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Google’s investment in Trada, a company that uses crowdsourcing to manage SEM accounts, raised some eyebrows in the SEM community this week. Is this part of a grand conspiracy to crush 3rd party SEM agencies? Is this an acknowledgement of Google’s failings internally at providing quality advice to clients?

My sense, simply put, is that it is not the former, and probably not the latter either. Let’s start with the first theory: Google wants technology/outsourcing companies to replace agencies. This is the classic “man versus machine” debate that has occurred since the dawn of the industrial revolution. What we’ve seen over time is that machine beats man when it comes to rote processes and man beats machine when it comes to ingenuity and thinking. The Model T production line replaced hand-building cars, but strategic consulting firms like McKinsey and high powered law firms and lobbyists continue to thrive despite great technical innovations.

Crowdsourcing may well be a way for top consulting firms to improve efficiency by outsourcing some menial tasks to the masses, but crowdsourcing cannot replace good strategic thinking and advice. Just as black box bid management algorithms cannot operate independent from a smart operator, crowdsourcing of keyword creation, bidding, and the like will always be beaten by crowdsourcing combined with smart management.

OK, theory #2: Google thinks crowdsourcing can outperform their internal teams. I doubt this one as well, mainly because I don’t think Google has enough self-awareness to realize that a large part of their AdWords support organization is largely useless to SEM experts. If they did, they would lay off about 90% of their staff in this department and use Trada to help clients, or just come up with more instructional videos.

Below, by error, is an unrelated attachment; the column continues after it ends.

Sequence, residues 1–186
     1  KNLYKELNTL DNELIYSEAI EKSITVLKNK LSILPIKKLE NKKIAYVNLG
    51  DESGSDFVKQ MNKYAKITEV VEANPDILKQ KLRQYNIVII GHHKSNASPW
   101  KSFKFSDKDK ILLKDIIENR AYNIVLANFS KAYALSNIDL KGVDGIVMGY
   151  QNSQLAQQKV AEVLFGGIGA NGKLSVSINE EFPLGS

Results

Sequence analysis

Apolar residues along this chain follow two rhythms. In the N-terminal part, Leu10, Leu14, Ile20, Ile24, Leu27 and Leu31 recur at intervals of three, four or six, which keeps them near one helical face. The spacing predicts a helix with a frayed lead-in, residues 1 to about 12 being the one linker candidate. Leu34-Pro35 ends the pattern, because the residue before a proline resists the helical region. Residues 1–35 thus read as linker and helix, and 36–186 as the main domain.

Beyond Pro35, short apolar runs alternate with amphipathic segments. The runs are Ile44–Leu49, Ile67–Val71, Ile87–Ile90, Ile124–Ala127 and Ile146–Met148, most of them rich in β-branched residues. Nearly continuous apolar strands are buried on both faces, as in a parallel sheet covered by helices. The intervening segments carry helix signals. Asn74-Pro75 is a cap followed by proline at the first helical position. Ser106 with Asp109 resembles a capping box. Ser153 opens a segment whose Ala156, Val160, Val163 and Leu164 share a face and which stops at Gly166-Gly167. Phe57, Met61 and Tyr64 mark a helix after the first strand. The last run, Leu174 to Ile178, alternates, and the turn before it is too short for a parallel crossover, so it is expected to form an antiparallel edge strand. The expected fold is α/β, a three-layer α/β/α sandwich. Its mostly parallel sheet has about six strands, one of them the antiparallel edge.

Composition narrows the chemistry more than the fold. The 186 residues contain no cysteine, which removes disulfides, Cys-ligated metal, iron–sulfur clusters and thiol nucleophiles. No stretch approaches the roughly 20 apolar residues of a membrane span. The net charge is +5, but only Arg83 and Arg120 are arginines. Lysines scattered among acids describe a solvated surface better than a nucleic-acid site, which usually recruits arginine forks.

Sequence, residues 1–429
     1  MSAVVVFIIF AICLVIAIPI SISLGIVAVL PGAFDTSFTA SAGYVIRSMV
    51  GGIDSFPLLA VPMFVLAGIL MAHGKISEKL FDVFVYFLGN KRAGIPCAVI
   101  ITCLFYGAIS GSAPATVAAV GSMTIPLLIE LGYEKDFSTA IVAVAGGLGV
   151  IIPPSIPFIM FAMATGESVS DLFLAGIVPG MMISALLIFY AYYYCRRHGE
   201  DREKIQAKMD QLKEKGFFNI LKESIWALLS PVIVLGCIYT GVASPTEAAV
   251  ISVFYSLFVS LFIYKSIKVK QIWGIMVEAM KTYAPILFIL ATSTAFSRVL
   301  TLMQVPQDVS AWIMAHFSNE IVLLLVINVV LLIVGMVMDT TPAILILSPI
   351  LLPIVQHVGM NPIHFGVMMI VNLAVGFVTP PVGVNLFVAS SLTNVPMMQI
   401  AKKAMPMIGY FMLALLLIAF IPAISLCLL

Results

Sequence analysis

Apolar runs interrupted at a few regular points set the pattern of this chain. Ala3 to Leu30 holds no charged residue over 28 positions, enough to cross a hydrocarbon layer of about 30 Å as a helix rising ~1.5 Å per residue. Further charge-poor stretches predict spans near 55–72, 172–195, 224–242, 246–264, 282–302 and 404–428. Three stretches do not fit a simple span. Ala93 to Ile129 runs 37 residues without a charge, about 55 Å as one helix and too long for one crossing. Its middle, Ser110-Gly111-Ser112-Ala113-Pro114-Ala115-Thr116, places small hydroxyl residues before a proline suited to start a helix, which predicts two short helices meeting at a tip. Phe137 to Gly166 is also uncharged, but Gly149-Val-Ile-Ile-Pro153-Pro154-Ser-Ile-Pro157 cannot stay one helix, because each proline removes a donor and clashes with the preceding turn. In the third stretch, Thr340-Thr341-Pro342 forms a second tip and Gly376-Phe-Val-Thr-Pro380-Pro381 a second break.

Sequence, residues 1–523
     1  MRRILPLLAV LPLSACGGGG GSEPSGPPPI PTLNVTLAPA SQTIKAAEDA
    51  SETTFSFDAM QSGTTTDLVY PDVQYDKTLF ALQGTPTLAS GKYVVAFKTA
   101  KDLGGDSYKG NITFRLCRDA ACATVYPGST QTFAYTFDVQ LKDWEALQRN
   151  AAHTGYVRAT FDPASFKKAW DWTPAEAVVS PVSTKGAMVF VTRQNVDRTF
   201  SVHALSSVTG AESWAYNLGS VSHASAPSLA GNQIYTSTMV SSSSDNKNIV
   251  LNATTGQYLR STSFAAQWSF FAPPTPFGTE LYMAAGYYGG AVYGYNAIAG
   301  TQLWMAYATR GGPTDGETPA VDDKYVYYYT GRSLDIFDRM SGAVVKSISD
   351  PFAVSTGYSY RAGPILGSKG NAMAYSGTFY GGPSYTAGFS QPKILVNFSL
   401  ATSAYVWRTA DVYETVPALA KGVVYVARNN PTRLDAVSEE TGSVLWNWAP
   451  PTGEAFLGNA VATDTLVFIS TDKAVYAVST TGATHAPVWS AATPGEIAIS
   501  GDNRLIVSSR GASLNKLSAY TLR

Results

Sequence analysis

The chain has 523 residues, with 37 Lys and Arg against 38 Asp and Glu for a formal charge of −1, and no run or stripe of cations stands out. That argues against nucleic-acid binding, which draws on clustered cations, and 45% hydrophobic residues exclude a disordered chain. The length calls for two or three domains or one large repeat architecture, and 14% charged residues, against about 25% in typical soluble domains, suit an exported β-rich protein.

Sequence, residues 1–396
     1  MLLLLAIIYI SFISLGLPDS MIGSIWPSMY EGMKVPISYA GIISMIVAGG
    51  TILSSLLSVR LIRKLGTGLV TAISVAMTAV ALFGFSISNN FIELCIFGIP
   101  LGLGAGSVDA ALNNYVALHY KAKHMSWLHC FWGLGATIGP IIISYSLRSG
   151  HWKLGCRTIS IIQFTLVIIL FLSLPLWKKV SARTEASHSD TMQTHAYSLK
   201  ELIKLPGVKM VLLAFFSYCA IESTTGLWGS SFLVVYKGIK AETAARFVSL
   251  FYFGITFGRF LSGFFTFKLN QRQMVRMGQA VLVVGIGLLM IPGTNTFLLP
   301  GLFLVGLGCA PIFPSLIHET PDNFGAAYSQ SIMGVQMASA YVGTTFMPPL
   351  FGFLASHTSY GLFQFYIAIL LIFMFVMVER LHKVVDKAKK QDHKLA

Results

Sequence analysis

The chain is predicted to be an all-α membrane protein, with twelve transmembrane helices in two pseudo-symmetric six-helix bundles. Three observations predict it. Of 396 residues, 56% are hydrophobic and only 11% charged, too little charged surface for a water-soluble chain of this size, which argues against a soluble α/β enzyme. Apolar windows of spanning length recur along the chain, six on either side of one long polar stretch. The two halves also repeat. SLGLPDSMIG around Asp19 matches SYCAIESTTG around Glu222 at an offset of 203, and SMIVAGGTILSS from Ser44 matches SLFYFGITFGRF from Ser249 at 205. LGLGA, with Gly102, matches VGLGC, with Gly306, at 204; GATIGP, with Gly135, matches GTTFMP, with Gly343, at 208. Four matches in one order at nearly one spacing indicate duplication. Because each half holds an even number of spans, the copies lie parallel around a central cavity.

My theory on the Trada investment revolves around the myriad of ‘local’ SEM companies out there – companies like ReachLocal, Yodle, and Orange Soda. These companies emphasize “quantity over quality”, meaning that they do an average job for thousands of clients, rather than a great job for dozens of clients. Inevitably this means that many clients end up pretty disappointed. Disappointed clients – especially SMBs just dipping their feet into SEM – may decide that the problem was not with their local agency, but rather with the very concept of SEM. As a result, they may decide to not only fire their agency, but give up on SEM entirely.

That’s a big problem for Google, since SMBs collectively can drive huge revenue and are still largely untapped. Moreover, Google definitely does not want to serve these companies through their AdWords support team, as this would not be cost-effective. The answer may well be a company like Trada, which can displace the poor service of local agencies without breaking Google’s support infrastructure. That’s a win-win for Google.